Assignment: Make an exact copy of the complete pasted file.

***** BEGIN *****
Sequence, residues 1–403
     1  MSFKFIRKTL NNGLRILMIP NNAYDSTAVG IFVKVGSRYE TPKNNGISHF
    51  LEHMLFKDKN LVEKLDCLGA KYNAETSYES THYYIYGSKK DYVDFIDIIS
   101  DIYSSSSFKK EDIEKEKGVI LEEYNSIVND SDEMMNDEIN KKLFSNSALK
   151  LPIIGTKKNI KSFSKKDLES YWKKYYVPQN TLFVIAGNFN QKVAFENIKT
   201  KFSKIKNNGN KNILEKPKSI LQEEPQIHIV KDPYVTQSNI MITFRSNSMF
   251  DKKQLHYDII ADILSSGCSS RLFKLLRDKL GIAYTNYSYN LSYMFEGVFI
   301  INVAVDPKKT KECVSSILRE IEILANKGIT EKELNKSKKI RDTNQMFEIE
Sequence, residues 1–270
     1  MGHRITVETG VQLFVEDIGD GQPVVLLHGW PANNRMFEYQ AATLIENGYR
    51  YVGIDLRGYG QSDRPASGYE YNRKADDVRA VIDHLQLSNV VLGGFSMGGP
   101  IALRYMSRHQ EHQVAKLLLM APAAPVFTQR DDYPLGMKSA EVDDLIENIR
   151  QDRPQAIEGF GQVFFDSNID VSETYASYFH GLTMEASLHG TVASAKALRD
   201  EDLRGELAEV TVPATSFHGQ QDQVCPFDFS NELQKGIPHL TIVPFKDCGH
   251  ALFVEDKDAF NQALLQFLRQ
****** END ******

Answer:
Sequence, residues 1–403
     1  MSFKFIRKTL NNGLRILMIP NNAYDSTAVG IFVKVGSRYE TPKNNGISHF
    51  LEHMLFKDKN LVEKLDCLGA KYNAETSYES THYYIYGSKK DYVDFIDIIS
   101  DIYSSSSFKK EDIEKEKGVI LEEYNSIVND SDEMMNDEIN KKLFSNSALK
   151  LPIIGTKKNI KSFSKKDLES YWKKYYVPQN TLFVIAGNFN QKVAFENIKT
   201  KFSKIKNNGN KNILEKPKSI LQEEPQIHIV KDPYVTQSNI MITFRSNSMF
   251  DKKQLHYDII ADILSSGCSS RLFKLLRDKL GIAYTNYSYN LSYMFEGVFI
   301  INVAVDPKKT KECVSSILRE IEILANKGIT EKELNKSKKI RDTNQMFEIE
Sequence, residues 1–270
     1  MGHRITVETG VQLFVEDIGD GQPVVLLHGW PANNRMFEYQ AATLIENGYR
    51  YVGIDLRGYG QSDRPASGYE YNRKADDVRA VIDHLQLSNV VLGGFSMGGP
   101  IALRYMSRHQ EHQVAKLLLM APAAPVFTQR DDYPLGMKSA EVDDLIENIR
   151  QDRPQAIEGF GQVFFDSNID VSETYASYFH GLTMEASLHG TVASAKALRD
   201  EDLRGELAEV TVPATSFHGQ QDQVCPFDFS NELQKGIPHL TIVPFKDCGH
   251  ALFVEDKDAF NQALLQFLRQ